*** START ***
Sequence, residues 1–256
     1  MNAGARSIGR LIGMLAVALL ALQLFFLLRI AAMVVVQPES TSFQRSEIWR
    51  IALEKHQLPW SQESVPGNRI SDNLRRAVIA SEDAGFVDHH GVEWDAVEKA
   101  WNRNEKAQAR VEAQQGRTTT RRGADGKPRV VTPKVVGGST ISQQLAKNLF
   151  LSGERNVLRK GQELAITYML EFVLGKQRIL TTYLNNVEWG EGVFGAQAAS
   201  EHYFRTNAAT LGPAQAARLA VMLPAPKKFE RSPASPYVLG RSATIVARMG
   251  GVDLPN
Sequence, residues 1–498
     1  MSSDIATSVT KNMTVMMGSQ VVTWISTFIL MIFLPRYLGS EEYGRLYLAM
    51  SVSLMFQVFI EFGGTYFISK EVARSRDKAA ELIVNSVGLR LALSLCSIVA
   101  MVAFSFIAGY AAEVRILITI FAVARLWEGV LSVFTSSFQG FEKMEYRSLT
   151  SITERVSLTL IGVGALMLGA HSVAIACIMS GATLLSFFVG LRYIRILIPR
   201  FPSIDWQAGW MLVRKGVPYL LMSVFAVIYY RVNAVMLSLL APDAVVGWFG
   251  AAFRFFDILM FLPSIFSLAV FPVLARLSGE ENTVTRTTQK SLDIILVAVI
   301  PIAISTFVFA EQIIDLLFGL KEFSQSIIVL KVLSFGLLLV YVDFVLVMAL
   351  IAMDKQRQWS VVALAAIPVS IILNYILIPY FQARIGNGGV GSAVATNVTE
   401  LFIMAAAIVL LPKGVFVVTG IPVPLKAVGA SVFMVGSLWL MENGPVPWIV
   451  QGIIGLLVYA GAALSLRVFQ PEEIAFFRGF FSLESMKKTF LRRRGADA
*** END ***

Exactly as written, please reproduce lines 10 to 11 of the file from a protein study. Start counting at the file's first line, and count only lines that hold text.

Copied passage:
    51  SVSLMFQVFI EFGGTYFISK EVARSRDKAA ELIVNSVGLR LALSLCSIVA
   101  MVAFSFIAGY AAEVRILITI FAVARLWEGV LSVFTSSFQG FEKMEYRSLT